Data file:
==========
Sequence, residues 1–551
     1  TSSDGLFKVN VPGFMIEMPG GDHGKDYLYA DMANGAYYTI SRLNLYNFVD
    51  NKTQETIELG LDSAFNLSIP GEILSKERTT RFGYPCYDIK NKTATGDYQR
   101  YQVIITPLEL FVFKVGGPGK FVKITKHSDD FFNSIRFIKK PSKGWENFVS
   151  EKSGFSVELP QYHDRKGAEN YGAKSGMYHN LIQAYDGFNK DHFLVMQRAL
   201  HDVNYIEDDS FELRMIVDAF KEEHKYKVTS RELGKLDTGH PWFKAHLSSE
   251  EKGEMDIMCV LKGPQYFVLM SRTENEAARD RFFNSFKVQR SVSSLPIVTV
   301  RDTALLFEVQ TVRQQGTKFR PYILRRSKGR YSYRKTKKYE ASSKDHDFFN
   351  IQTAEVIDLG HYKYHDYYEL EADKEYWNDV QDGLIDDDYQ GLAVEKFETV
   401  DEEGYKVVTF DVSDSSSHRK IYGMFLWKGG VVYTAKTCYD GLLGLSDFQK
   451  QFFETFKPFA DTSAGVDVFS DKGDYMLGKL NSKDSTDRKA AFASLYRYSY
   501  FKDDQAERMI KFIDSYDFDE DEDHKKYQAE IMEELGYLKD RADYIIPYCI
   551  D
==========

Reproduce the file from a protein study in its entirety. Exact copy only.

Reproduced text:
Sequence, residues 1–551
     1  TSSDGLFKVN VPGFMIEMPG GDHGKDYLYA DMANGAYYTI SRLNLYNFVD
    51  NKTQETIELG LDSAFNLSIP GEILSKERTT RFGYPCYDIK NKTATGDYQR
   101  YQVIITPLEL FVFKVGGPGK FVKITKHSDD FFNSIRFIKK PSKGWENFVS
   151  EKSGFSVELP QYHDRKGAEN YGAKSGMYHN LIQAYDGFNK DHFLVMQRAL
   201  HDVNYIEDDS FELRMIVDAF KEEHKYKVTS RELGKLDTGH PWFKAHLSSE
   251  EKGEMDIMCV LKGPQYFVLM SRTENEAARD RFFNSFKVQR SVSSLPIVTV
   301  RDTALLFEVQ TVRQQGTKFR PYILRRSKGR YSYRKTKKYE ASSKDHDFFN
   351  IQTAEVIDLG HYKYHDYYEL EADKEYWNDV QDGLIDDDYQ GLAVEKFETV
   401  DEEGYKVVTF DVSDSSSHRK IYGMFLWKGG VVYTAKTCYD GLLGLSDFQK
   451  QFFETFKPFA DTSAGVDVFS DKGDYMLGKL NSKDSTDRKA AFASLYRYSY
   501  FKDDQAERMI KFIDSYDFDE DEDHKKYQAE IMEELGYLKD RADYIIPYCI
   551  D